A mother whose 12-year-old daughter has a life-limiting muscle-wasting condition will on Wednesday call for better care for sufferers as Scotland moves into the post-Covid era.
Muscular Dystrophy UK will later present its recommendations to a cross-party group of MSPs at Holyrood in its bid to convince the Scottish Government to implement a raft of improvements, including calls to reduce waiting lists and boost investment in national neuromuscular teams.
Sheonad Macfarlane, whose daughter Eilidh has the very rare condition SMA Type 2, which causes muscle weakness and life-limiting health complications, will join the calls for more joined up health and social-care.
“Eilidh was lucky to have been under the care of the paediatric team during this whole time – her multidisciplinary team were therefore available when we needed them, albeit it remotely. I knew that I could pick up the phone and contact them,” she said.
“This ongoing communication and direct point of contact is essential in multidisciplinary care.
“It should be the norm so that when there is a crisis – such as in times of a pandemic – there will always be a lead health care professional who knows the patient and can advocate for their need to access appropriate and timely services,” said the mother-of-two from Glasgow, who is chairman of Muscular Dystrophy UK’s Scottish Council and also a doctor.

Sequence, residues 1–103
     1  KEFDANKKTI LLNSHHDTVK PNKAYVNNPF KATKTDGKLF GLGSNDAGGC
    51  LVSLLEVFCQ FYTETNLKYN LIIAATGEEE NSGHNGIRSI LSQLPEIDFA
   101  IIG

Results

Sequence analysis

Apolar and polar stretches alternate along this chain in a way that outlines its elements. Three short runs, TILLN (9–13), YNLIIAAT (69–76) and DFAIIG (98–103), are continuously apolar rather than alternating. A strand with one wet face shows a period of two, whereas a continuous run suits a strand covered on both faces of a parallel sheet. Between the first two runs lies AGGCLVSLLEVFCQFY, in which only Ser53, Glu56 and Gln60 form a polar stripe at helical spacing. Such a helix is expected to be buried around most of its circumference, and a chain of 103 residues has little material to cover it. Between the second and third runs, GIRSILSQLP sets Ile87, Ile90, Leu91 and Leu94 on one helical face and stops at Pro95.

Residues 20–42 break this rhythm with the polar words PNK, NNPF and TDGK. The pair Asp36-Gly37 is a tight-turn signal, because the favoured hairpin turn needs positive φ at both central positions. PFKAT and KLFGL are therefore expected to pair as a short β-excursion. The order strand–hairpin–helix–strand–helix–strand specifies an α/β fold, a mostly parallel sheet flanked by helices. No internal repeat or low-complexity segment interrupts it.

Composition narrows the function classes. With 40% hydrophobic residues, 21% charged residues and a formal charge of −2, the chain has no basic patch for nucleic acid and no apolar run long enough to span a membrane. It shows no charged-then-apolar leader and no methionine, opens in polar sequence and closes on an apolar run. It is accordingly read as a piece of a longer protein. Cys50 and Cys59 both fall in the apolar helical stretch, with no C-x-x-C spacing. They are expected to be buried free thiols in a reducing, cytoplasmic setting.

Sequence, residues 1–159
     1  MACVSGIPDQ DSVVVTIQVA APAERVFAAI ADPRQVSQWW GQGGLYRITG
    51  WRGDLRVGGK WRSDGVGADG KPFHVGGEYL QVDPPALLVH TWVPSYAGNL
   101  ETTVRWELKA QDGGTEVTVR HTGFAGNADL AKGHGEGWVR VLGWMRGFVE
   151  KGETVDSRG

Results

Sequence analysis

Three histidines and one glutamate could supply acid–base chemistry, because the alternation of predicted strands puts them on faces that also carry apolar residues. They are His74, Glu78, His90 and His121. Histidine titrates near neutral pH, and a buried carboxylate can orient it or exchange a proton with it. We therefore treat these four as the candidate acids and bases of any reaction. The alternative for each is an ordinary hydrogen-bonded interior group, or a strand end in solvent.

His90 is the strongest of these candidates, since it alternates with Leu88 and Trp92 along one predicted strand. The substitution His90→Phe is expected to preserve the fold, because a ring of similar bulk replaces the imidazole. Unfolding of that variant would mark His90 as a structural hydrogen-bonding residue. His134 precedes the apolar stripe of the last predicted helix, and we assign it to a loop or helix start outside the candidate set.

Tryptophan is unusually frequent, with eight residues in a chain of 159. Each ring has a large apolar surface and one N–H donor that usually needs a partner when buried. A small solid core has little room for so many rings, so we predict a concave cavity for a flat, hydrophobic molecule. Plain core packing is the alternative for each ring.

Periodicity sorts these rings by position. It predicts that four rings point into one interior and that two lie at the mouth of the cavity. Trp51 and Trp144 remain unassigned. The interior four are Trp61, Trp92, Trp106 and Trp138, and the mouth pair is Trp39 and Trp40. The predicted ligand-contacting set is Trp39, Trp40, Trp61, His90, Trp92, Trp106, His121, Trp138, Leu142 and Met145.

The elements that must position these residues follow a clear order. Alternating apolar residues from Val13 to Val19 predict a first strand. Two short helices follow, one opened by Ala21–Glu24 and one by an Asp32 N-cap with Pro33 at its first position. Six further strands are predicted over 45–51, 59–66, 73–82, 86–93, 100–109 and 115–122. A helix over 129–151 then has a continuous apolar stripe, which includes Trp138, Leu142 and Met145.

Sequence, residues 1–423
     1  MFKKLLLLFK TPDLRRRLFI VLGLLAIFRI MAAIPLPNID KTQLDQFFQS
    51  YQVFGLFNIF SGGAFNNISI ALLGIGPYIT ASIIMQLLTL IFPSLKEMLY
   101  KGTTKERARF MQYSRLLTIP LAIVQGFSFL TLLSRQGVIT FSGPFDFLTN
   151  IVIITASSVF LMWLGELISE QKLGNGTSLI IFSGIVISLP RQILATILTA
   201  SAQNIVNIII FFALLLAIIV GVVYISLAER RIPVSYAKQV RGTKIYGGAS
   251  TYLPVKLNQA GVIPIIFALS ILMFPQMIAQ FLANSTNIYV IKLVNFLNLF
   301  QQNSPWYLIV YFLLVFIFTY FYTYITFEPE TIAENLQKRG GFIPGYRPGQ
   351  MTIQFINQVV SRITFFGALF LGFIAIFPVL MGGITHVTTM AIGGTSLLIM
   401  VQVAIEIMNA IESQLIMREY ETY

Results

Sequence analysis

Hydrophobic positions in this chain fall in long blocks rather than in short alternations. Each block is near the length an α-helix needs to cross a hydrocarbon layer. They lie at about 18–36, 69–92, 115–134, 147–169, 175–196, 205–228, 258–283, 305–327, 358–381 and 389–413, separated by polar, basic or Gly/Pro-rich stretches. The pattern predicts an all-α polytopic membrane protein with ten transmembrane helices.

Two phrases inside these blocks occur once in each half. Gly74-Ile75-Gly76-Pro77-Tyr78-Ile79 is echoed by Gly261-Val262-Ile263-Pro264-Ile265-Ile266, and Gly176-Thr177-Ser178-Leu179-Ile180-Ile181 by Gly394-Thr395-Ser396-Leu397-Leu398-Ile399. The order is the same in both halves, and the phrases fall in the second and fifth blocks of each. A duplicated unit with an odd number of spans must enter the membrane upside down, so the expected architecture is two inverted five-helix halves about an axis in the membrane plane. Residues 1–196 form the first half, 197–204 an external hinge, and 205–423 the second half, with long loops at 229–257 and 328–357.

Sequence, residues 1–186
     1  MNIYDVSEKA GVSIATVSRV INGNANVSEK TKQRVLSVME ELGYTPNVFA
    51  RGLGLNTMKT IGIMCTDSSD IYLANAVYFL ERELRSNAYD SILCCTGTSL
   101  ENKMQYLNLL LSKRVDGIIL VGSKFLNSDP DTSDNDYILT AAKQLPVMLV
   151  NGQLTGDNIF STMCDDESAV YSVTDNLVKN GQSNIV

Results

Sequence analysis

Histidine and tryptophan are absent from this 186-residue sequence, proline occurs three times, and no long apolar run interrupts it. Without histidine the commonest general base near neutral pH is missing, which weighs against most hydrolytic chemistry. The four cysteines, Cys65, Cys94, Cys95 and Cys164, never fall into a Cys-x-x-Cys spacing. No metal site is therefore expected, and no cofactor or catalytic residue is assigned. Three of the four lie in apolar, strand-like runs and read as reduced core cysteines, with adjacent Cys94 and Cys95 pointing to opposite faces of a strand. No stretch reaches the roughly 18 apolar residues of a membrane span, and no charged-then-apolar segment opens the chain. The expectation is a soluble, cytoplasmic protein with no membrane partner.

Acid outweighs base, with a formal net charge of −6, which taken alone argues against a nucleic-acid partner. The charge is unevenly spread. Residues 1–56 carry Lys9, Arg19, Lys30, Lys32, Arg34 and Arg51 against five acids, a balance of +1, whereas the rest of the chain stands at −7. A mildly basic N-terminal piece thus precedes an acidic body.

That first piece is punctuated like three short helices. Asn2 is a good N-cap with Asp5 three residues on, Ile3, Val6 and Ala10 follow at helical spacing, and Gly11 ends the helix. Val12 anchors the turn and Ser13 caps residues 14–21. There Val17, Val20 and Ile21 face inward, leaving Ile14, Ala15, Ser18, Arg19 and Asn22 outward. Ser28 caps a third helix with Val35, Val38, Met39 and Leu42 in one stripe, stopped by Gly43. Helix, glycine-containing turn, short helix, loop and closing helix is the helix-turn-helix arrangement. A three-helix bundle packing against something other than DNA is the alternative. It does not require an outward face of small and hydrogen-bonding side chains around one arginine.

“In contrast, we were isolated from family and friends with no access to additional support and care for Eilidh.
“The social care system was on its knees prior to the pandemic and it’s close to collapse now; we’ve have been told that it could be a couple of years before social care teams are able to support her in future.
“That’s truly terrifying as we are exhausted.”
There are around 6000 people in Scotland with a muscle-wasting condition who require access to a range of specialist treatments and services.
Muscular Dystrophy UK said that there had been little investment to increase staffing numbers, particularly outside the central belt, and over the past two years had been exacerbated.
Michaela Regan, head of policy and campaigns at the charity, said that thousands of people across the country with a muscle-wasting condition “have experienced significant deterioration in their overall wellbeing throughout the pandemic”.
She added: “Muscular Dystrophy UK urges stakeholders in Scotland to implement the recommendations from our report to ensure people with a muscle-wasting condition receive the care they need to improve overall health outcomes and quality of life as we continue to navigate a post-pandemic era.”
The recommendations made to the cross-party parliamentary group for muscular dystrophy comes after a survey by the charity, conducted at the height of the coronavirus pandemic, pf which 400 people from Scotland responded.